Articles 5 to 7

37.Ms. Penjor (Bhutan), responding to questions on efforts being made by her Government to change the more subdued forms of discrimination and stereotyped views, said that education was recognized both as a basic right and a prerequisite for achieving the wider social, cultural and economic goals set for the country. One of the main strategies adopted for that sector was to continuously improve the quality and relevance of education to ensure holistic development of the child, irrespective of gender. More specifically, through education, particularly through special programmes such as scouting and career counselling, the Government encouraged girls to participate equally in all spheres. The curriculum department of the Ministry of Education made conscious efforts to avoid gender-biased words and pictures in the school textbooks.

38.Mr. Chopel (Bhutan) said that the reference in the report to “immoral trafficking” was not a qualification of trafficking. That was purely a linguistic style and the provisions of the draft Immoral Trafficking Act had now been incorporated into the draft Penal Code of Bhutan. Bhutan had ratified in 2003 the South Asian Association for Regional Cooperation (SAARC) Convention on the Prevention and Combating of Trafficking of Women and Children for Prostitution. It had been assumed that the 1949 Convention for the Suppression of the Traffic in Persons and of the Exploitation of the Prostitution of Others was similar in substance. However, based on the Committee’s recommendations, the Government would study the latter Convention for any similarities or differences.

39.Turning to political participation, he noted that the number of women in the National Assembly had increased over the years. Currently, 13 out of the 100 elected representatives were women, including one Royal Advisory Counsellor. Women also participated in the District Development and Block Development Committees, for which data would be provided in the next periodic report. While Bhutan had women in the judiciary, it still had some way to go to attain a certain level of parity. Exact data in that regard would be provided in the subsequent report. Moreover, the number of women undertaking legal studies outside the country was increasing and data thereon would be provided in the subsequent reports. The reference to civil disorder in the report had been specific to a brief period in the early 1990s, during which anti-national elements had perpetrated violence against civilians in the border communities. That issue had been resolved by strengthening the presence of law enforcement personnel along the border and increasing policing and vigilance.

Article 8

40.Mr. Chopel (Bhutan) noted that, while Bhutan had no serving woman ambassador, it still had a fairly good participation of women in the foreign and diplomatic services. The post of Foreign Secretary of Bhutan, the second highest position in the diplomatic service, was held by a woman. The deputy chief in two of the country’s six missions was a woman. Women diplomats took up 44 per cent of all training and fellowship programmes offered by the Ministry. Currently, two of the three diplomats pursuing postgraduate studies were women. In the last decade, one out of two delegates sent from the capital to the United Nations General Assembly had been a woman diplomat. An attempt was being made to ensure that there was at least one woman diplomat in each of Bhutan’s missions abroad.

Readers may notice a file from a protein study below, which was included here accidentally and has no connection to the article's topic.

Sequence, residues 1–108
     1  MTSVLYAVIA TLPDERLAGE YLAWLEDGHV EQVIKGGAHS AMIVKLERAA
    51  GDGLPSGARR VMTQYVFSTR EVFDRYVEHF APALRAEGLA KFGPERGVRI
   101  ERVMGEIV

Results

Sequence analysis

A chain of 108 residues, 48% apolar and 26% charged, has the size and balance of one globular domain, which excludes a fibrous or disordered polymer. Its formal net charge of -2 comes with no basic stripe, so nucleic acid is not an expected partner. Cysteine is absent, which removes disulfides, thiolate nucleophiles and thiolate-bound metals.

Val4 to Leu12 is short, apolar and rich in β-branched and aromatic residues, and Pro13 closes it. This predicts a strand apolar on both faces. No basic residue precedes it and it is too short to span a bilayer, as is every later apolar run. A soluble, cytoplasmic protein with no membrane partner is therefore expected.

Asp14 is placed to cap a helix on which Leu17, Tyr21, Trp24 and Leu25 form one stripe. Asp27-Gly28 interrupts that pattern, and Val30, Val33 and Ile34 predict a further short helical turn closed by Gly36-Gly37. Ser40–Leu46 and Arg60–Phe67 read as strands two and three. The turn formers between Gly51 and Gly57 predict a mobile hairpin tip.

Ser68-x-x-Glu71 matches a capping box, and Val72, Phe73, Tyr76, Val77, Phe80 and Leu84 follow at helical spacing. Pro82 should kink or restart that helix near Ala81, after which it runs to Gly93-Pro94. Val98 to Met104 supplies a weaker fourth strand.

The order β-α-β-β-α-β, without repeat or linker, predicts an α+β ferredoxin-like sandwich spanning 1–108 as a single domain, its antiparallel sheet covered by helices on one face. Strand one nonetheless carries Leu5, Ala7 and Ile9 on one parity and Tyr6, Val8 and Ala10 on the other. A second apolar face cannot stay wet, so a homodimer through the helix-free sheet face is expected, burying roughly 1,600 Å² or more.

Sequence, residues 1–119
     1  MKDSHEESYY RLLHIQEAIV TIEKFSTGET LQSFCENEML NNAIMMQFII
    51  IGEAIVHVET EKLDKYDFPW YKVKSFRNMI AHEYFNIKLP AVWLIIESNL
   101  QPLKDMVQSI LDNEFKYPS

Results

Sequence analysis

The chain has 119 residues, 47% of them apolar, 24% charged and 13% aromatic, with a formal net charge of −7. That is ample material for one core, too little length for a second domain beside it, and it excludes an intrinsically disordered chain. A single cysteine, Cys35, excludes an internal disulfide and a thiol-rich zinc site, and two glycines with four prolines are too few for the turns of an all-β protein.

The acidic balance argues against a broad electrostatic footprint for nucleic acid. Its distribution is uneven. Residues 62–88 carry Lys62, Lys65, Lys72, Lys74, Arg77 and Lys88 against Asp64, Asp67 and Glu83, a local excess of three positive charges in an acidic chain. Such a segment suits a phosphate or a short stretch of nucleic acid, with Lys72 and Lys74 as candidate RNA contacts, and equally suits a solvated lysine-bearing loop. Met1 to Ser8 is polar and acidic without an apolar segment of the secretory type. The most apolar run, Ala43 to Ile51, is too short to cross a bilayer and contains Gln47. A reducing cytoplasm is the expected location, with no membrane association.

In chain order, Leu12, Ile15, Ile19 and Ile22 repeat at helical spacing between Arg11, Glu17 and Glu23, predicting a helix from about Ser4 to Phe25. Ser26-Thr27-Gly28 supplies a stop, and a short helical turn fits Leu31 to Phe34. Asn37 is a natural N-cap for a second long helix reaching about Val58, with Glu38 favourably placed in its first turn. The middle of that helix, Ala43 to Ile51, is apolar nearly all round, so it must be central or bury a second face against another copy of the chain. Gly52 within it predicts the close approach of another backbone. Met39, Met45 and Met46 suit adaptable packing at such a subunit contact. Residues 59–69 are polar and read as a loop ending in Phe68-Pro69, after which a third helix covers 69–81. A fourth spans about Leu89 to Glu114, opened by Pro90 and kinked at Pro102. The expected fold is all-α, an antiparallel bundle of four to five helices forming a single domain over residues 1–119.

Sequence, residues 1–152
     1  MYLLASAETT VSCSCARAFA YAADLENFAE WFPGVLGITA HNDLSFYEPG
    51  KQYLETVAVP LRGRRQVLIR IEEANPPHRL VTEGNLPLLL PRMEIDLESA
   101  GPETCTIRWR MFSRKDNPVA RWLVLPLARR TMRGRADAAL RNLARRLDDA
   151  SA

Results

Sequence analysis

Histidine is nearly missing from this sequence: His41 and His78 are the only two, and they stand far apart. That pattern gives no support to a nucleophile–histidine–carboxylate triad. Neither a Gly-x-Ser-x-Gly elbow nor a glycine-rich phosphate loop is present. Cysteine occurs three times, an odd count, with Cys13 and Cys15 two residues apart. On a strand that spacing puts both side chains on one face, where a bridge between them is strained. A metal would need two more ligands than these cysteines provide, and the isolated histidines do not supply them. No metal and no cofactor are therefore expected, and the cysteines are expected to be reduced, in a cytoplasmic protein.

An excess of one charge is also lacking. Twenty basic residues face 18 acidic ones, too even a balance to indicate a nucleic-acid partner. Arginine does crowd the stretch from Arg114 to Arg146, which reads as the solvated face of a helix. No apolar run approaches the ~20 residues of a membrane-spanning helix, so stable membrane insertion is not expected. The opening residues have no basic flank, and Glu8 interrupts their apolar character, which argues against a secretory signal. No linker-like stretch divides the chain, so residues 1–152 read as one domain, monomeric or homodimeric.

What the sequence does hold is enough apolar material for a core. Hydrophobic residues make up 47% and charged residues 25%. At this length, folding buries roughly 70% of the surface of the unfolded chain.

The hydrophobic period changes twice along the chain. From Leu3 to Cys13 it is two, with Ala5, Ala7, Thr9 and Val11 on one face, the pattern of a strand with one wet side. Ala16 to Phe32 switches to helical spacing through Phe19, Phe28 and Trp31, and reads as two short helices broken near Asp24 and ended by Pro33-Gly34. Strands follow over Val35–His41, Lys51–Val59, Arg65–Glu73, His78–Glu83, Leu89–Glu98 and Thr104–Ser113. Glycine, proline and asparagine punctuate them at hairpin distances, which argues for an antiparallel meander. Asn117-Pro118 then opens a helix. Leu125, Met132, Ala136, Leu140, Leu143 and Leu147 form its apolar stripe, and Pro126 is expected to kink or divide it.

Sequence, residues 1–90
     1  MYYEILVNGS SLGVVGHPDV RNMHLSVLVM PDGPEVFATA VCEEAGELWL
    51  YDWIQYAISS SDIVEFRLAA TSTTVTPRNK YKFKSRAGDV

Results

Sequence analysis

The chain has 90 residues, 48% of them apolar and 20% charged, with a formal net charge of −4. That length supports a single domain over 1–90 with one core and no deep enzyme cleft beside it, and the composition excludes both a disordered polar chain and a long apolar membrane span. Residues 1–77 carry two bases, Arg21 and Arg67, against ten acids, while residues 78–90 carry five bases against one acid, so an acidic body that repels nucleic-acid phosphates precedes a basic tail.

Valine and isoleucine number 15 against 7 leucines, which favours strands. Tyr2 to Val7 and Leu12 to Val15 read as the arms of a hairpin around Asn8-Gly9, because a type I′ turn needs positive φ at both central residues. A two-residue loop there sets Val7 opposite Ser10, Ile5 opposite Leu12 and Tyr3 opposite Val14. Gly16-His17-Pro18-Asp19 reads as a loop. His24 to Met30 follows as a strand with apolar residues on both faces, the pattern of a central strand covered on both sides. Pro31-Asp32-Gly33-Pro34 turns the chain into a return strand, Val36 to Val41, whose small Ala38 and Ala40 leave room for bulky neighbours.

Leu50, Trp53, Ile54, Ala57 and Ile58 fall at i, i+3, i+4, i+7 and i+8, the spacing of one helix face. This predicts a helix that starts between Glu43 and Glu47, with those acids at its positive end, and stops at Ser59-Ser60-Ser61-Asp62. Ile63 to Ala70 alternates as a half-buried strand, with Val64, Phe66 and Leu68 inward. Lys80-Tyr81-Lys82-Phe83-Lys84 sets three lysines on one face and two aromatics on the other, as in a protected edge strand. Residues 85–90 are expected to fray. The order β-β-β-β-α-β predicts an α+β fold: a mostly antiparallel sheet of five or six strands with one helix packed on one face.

Article 9

41.Mr. Tshering (Bhutan), responding to questions on citizenship, said that the 1958 and 1977 Citizenship Acts had granted citizenship to children of a Bhutanese father. Non-Bhutanese spouses and children of non-Bhutanese fathers were granted residence status with provision for naturalization. The 1985 Citizenship Act was gender neutral and citizenship could be acquired by birth if both parents were citizens; by registration if a person had been permanently domiciled in Bhutan on or before 31 December 1958; and by naturalization upon fulfilling certain requirements. Marriage to non-Bhutanese did not change the nationality of a woman. Women were neither rendered stateless nor forced to acquire the nationality of their husbands. For non-Bhutanese spouses and children, residence as well as access to health, basic education and other services were provided without any restriction.

Article 10

42.Ms. Penjor (Bhutan) said that, with the increase in enrolment at the primary level and improvement in retention rates at all levels of general education, a corresponding increase was expected in the enrolment of women at the tertiary level. The gap in enrolment between boys and girls at the primary school level had narrowed from 24 per cent in 1990 to 4 per cent in 2003. Even so, under the ninth plan, the Ministry of Education had adopted the following strategies to increase enrolment of girls at all levels: establishment of community schools; enhancement of facilities, such as the provision of separate latrines to ensure a safe and friendly environment for girls; and the implementation of a study on the status of girls’ access to primary schools. Bhutan was committed to eliminating gender disparity in primary education by 2005. Girls and boys had equal access to education, including technical education. Bhutan pursued a merit-based policy in all selection processes, irrespective of class or gender. As Bhutan was a small country, that approach had promoted harmony and respect among boys and girls. While education was free from the primary to the tertiary levels, including technical and vocational training, the financial burden on the Government was tremendous. Accordingly, the country sought international assistance for education and some 40 per cent of the education budget was funded through international aid.